Packet is committed to help our users get the most out of their infrastructure. Unlike with virtualized clouds (AWS, GCE, etc) with a dedicated server at Packet you can really dive into the guts of server tuning. Each workload is different, so our recommendation is to take incremental steps and measure your progress.
Without further ado, here are some tips and tricks to help you work with common CPU settings for potential improvements on some of our x86 server types:
The E3-1240 v5 chip that powers our c1.small.x86 comes with something called SpeedStep technology that allows the system to scale the frequency based on the current workload.
To see the current CPU frequency governors that are currently in use:
The above output will likely return eight lines of 'powersave'. To verify clock speed, install the following tool:
apt-get install cpufrequtils
Once installed run
cpufreq-info to determine the current clock speed. To have the systems running at their maximum clock speed:
echo performance > /sys/devices/system/cpu/cpu0/cpufreq/scaling_governor
Do this for all 8-CPUs. Replace
cpu2 , up to
cpu7 . To confirm you have applied this correctly, you can run the same command to print out the current scaling governor:
This should now print 8 lines of
performance. You may also run
cpufreq-info again to confirm the current clock speed is what you were expecting.
To make this permanent after reboot, add/edit:
m1.xlarge.x86 / s1.large.x86
The m1.xlarge & s1.large servers are powered by dual E5-2650 v4 processors, and as such the CPU frequency driver is intel_pstate, not cpufreq. Because of this, you will experience different outcomes with the same CPU frequency governor due to the governor being implemented by the driver.
You will not be able to set the CPU frequency directly for this reason from our friends at kernel.org:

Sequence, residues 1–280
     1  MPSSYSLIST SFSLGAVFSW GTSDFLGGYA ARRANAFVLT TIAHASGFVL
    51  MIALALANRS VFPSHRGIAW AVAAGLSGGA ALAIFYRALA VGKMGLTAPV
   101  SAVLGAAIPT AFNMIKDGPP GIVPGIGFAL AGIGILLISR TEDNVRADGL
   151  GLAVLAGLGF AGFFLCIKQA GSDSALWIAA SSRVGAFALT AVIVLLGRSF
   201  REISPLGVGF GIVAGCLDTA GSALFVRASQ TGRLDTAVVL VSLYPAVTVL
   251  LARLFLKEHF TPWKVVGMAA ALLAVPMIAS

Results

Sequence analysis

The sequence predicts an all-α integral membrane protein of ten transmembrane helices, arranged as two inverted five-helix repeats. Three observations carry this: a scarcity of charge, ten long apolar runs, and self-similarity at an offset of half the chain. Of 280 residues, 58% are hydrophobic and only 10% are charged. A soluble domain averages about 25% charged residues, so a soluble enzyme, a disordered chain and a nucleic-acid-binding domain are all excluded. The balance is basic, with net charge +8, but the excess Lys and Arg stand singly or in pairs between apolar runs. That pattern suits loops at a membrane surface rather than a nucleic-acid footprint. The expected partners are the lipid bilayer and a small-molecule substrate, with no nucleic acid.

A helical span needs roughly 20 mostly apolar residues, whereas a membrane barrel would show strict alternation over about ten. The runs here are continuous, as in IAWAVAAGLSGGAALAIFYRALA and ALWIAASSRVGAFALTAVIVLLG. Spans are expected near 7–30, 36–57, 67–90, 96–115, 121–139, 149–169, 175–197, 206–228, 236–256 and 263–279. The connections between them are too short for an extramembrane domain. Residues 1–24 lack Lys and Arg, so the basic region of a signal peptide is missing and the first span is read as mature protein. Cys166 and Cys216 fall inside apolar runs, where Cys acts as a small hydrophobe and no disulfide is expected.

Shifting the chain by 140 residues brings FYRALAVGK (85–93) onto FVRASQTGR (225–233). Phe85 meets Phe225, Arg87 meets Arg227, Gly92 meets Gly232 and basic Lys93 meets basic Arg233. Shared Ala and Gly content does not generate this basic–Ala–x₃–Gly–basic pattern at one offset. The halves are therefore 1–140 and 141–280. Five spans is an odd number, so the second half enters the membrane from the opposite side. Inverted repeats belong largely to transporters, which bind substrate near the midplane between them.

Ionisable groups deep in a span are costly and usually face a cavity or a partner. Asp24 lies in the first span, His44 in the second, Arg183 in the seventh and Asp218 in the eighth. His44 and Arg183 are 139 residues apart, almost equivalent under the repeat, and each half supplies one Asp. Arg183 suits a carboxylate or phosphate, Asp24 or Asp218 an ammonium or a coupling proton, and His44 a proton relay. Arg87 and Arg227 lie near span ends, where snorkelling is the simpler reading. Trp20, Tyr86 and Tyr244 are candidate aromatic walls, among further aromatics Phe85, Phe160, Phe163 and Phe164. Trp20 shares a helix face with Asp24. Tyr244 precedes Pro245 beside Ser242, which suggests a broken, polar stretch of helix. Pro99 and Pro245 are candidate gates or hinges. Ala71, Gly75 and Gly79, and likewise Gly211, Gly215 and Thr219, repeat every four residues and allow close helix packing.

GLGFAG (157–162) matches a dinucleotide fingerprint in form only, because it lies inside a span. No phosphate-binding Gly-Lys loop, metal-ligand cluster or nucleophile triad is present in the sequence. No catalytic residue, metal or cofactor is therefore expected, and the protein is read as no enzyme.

For contemporary Intel processors, the frequency is controlled by the processor itself & the P-State exposed to software is related to performance levels. The idea that frequency can be set to a single frequency is fictional for Intel Core processors. Even if the scaling driver selects a single P-State, the actual frequency the processor will run at is selected by the processor itself.
Do not fear, you're not out of luck! With a few tools, you can increase your server's performance:
# apt-get install linux-tools-common linux-tools-4.4.0-77-generic git
# git clone https://github.com/pyamsoft/pstate-frequency.git
# cd pstate-frequency
# make install
# pstate-frequency -S --plan max
This will configure P-state to its maximum values. From there, you can run:
watch -n 1 "cpufreq-info | grep 'current CPU'"
As you put more load on the system the CPU frequencies will dynamically scale up to their maximum values.
WARNING: Advanced Users Only
If the processors are not scaling up fast enough based on your usage pattern, you can also tweak the
intel_pstate settings in
The default sample rate is ten milliseconds, and the default setpoint is 97. If you're finding that the default dynamic frequency scaling isn't fast enough, we would recommend reducing the same rate a bit & reducing the setpoint further, again from our friends at kernel.org.
For the same load at setpoint = 60, this will result in the next P-State = 0x08 - ((60 - 100) * 0.2) = 16. So by changing the setpoint from 97 to 60, there is an increase of the next P-State from 9 to 16. So this will make processor execute at higher P-State for the same CPU load. If the load continues to be more than the setpoint during next sample intervals, then P-State will go up again till the maximum P-State is reached. But the ramp up time to reach the maximum P-Stat will be much faster when the setpoint is 60 compared to 97.
As these are extremely low level settings directly affecting how the CPU handles power and performance, we would highly recommend not jumping straight to
sample_rate_ms = 1 and
setpoint = 1 . Instead slowly step your way into the right values based on heuristics of your app.